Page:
Gray Catbird, More Comings and Goings. . .

Here’s a Gray Catbird (Dumetella carolinensis) that was wandering through my “lawn.” I didn’t hear it “mew” while it was visiting:

Here’s one of my resident rabbits checking out the growth of the greens in my garden:


More rabbit / squirrel activity:

Rabbit, Squirrel

Here’s a squirrel hanging on by his toenails eating more cherries:


After the squirrel left, the Northern Cardinal flew in so he could have some cherries, too:




He had me going for a while, though, because I didn’t know that Northern Cardinals flatten their crest!

Northern Cardinal – A Clear Photo!

I finally was able to capture a clear photo of a Northern Cardinal! Now to catch the entire body! He was in my Rose of Sharon:
Northern Cardinal

Song Sparrow

Tonight I watched as two Song Sparrows (Melospiza melodia) hopped around in the “lawn” (my definition of “lawn” – mostly weeds and some grass to make a more naturalized area for the birds and mammals):

Song Sparrow

Given the condition of the “lawn” it was hard to catch an entire photo of the Song Sparrows, even though I took several photos. Aren’t their stripes cool!

In Bloom Now: Spiderwort

This Spiderwort (Tradescantia sp.) is in bloom in my garden:

The flowers last a very long time. At night, they close up tight like they’ve never blossomed. In the morning, they open up again. Here’s a photo I took of Mom’s Spiderwort on May 24th:


Wort is the old name for Herb, so Spiderwort or Spider Herb was used for someone who received a Spider bite, among other things.

There are some interesting articles about Spiderwort at

What was spiderwort?

Who was John Tradescant?

How were spiderworts used by the Aztecs?

House Sparrow

There is a pair of House Sparrows (Passer domesticus) in my backyard “fooling around”, and the female landed on one of my birdbaths long enough for me to capture her photo:

House Sparrow

Isn’t she a little sweetie!

What’s For Dinner?

The Cherry Tree in my backyard is a very busy place now that there is some mouth-watering fruit:


The leaves are continuously wiggling with grey squirrels feeding on the cherries:

Squirrel Eating Cherries

Every once in a while a Northern Cardinal attempts to eat a cherry to two:

Cardinal Eating Cherries

I don’t know why I can’t get a clear picture of this fellow!  Must be because he’s always moving!

A Different Type of Highway

There’s the superhighway, the information highway, and here’s the wire highway – the one that squirrels tightrope on to get around from tree to tree. I only see Grey Squirrels (Sciurus carolinensis) on the ground around here when they’re chasing each other, eating the seeds from my Silver Maple (Acer saccharinum), or when they’re burying nuts, otherwise, they use the wire highway:

The following photo shows one of the reasons why I have to keep my vegetable garden covered with floating row covers:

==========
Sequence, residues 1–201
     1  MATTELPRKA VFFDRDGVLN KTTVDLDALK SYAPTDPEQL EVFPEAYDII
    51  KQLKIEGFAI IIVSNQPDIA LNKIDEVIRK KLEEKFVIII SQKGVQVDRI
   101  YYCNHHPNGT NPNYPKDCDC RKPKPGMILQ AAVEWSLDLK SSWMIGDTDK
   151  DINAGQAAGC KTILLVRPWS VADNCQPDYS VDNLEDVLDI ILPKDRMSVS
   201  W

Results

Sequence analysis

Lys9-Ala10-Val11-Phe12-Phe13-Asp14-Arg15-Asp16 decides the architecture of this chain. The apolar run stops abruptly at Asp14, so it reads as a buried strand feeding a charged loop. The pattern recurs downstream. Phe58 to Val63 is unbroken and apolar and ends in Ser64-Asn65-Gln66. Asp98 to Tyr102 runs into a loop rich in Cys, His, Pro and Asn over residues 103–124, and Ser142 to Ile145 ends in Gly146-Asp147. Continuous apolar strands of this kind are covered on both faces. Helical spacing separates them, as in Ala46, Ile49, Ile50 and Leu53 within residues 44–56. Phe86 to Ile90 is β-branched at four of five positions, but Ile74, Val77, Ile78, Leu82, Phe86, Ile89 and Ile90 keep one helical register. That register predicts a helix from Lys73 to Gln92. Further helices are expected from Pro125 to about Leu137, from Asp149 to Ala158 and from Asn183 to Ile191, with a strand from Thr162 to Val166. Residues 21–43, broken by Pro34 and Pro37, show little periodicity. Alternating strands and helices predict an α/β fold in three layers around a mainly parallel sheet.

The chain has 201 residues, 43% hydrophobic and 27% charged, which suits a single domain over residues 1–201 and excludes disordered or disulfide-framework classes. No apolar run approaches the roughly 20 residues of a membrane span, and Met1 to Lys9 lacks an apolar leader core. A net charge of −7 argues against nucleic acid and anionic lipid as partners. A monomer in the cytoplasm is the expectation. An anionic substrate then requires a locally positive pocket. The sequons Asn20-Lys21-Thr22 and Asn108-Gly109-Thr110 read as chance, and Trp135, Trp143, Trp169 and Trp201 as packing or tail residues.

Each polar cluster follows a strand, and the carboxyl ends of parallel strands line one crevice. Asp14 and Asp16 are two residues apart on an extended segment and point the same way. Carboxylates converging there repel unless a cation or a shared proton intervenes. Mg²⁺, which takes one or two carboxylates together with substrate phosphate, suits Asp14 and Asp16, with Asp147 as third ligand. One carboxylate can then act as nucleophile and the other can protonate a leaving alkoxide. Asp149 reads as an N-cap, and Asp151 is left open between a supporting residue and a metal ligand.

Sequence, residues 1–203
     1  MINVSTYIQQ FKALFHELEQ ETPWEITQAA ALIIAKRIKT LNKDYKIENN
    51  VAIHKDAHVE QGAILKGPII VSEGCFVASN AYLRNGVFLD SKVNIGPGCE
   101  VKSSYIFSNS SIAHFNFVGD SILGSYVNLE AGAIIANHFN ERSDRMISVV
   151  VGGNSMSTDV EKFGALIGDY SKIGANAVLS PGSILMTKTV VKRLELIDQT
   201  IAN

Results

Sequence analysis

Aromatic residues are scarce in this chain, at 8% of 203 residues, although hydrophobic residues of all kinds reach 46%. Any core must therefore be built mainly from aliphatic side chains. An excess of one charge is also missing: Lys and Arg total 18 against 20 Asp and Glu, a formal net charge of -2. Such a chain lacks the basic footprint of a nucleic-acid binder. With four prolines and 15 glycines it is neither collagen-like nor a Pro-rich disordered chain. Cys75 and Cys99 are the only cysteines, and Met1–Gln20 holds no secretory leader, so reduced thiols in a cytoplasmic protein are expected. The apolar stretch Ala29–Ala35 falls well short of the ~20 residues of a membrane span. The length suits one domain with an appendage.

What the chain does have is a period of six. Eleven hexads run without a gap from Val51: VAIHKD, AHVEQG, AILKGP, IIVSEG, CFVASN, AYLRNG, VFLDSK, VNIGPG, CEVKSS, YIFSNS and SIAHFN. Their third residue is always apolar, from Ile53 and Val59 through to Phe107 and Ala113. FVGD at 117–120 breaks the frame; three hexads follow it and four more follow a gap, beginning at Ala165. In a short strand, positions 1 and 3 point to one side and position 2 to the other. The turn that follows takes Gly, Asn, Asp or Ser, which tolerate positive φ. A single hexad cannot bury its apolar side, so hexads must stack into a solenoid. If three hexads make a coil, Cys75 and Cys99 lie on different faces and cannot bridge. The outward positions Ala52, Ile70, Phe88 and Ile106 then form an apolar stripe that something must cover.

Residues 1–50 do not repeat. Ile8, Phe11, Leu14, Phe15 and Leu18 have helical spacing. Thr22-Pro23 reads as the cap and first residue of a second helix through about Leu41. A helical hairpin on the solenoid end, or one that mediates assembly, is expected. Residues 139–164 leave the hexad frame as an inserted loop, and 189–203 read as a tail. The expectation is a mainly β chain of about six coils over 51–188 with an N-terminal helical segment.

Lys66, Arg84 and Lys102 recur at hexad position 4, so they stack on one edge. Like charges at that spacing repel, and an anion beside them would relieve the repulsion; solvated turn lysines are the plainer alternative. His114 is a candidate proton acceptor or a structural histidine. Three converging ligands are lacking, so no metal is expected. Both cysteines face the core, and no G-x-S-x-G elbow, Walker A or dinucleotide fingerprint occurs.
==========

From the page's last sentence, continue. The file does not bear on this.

This rabbit is so cute, as long as it isn’t eating *my* food!

Sorry the photo of this Northern Cardinal (Cardinalis cardinalis – yup, I’m getting that this is a cardinal from that Latin name) is blurry, but I thought this was a good pose:


And the purple Norway Spruce cones keep growing downwards (I love the blue sky today):

Spruce Cones

In Bloom Today: Peonies

I wish I could add scent to the blog so you could smell my beautiful peonies! I staked them up this year so a rainstorm won’t make them flop all over the ground.


This is from my front garden. I hope you enjoy it!

Dragonflies, Hummingbirds

Today at Mom’s home I saw four Dragonflies like the one I saw in my garden the other day. They were enjoying her gardens as we were planting the deck pots.

In her perennial garden, we saw first a male Ruby-throated Hummingbird on her lupines and coral bells, and a few minutes later, a female came to feed on the coral bells. Very nice. . .

Sorry no pictures, I wasn’t in a photo taking mood today, but I included a link to the Cornell Ornithology website.

Aldrich Change Bridge, Palmyra

Today we went to Palmyra to see the Aldrich Change Bridge. This bridge was originally built in 1858 by John Hutchinson in Troy, NY, and spanned the Erie Canal at the Rochester Weighlock in the 1860’s. In 1878 the wooden Aldrich Change Bridge collapsed and this wrought and cast iron Whipple Bridge replaced it. This bridge was rammed by ice and timber on January 19, 1996 which removed it from its abutments, landing it in the Ganargua Creek. This bridge was rescued and rebuilt and is now located in the Palmyra / Macedon Aqueduct Park.

Aldrich Change Bridge

The abutments were rebuilt exactly as they were in their previous location near Foldpak in Newark:


A change bridge allowed the mules to cross from one side of the canal to the other without having to untie them from the tow rope.

Aldrich Change Bridge

Here’s a photo I took of the information located near the bridge on how a change bridge works:

How a Change Bridge Works

We also saw the Mud Creek Aqueduct:

Old Erie Canal Aqueduct

We first smelled these old fashioned roses – a wonderful aroma – and then saw them along the canal banks:

Old Fashioned Roses

We also saw quite a bit of Dame’s Rocket:

Dame's Rocket

And Fleabane:


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